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Absolutely. There is no risk from appending the nounce/iv to encrypted text.


As per OpenID Connect Core documentation: The nonce parameter value needs to include per-session state and be unguessable to attackers. One method to achieve this for Web Server Clients is to store a cryptographically random value as an HttpOnly session cookie and use a cryptographic hash of the value as the nonce parameter. In that case, the ...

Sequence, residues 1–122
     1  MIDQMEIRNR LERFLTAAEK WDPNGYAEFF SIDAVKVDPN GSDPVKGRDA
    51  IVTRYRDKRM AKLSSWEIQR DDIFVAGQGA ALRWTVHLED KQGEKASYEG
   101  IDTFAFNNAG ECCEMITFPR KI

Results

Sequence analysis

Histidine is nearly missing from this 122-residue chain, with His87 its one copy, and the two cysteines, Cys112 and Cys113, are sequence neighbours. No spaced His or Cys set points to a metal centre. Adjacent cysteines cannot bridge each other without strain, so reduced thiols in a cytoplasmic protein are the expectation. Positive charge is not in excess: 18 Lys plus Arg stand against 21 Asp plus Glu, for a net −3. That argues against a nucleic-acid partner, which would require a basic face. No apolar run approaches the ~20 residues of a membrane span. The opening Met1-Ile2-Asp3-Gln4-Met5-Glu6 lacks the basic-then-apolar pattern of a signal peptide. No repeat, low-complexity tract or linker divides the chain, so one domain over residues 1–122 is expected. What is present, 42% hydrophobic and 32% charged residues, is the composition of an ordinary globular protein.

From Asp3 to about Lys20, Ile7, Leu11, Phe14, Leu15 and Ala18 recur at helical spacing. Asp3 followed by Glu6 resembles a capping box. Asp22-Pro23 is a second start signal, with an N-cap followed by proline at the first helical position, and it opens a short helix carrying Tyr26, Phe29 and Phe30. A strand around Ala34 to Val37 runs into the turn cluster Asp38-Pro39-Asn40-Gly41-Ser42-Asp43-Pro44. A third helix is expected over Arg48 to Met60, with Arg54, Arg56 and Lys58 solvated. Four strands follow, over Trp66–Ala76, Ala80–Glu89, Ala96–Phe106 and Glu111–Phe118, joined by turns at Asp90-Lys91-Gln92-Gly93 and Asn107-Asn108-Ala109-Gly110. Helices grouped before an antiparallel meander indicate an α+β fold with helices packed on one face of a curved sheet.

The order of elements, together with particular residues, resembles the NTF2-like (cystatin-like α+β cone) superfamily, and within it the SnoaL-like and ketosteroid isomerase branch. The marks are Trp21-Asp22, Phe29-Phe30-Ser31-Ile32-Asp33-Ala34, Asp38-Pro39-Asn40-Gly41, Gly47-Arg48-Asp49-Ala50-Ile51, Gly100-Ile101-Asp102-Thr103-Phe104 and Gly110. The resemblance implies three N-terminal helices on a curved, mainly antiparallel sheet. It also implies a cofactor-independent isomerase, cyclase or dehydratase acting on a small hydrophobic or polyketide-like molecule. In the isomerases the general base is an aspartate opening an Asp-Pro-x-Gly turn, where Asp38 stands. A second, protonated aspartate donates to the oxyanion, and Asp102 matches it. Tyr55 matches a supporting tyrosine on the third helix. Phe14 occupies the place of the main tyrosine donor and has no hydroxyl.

In TLS 1.2 and before, the Random field of the Client and Server Hello messages indeed have a random bytes part and a timestamp. The purpose of the timestamp is to increase the chance to have a unique value even if the random number generator is flawed and produces duplicate random bytes. This however is not the current practice, modern TLS implementations ...

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